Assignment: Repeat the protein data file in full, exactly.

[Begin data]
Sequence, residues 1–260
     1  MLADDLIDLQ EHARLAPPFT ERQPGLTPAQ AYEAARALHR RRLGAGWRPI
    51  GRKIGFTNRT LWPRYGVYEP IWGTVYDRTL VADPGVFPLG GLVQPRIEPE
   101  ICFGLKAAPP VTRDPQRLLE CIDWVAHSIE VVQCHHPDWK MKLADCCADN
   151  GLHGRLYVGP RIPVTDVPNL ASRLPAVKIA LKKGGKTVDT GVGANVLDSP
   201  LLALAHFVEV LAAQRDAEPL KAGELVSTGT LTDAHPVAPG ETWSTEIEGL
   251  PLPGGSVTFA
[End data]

Sequence, residues 1–260
     1  MLADDLIDLQ EHARLAPPFT ERQPGLTPAQ AYEAARALHR RRLGAGWRPI
    51  GRKIGFTNRT LWPRYGVYEP IWGTVYDRTL VADPGVFPLG GLVQPRIEPE
   101  ICFGLKAAPP VTRDPQRLLE CIDWVAHSIE VVQCHHPDWK MKLADCCADN
   151  GLHGRLYVGP RIPVTDVPNL ASRLPAVKIA LKKGGKTVDT GVGANVLDSP
   201  LLALAHFVEV LAAQRDAEPL KAGELVSTGT LTDAHPVAPG ETWSTEIEGL
   251  PLPGGSVTFA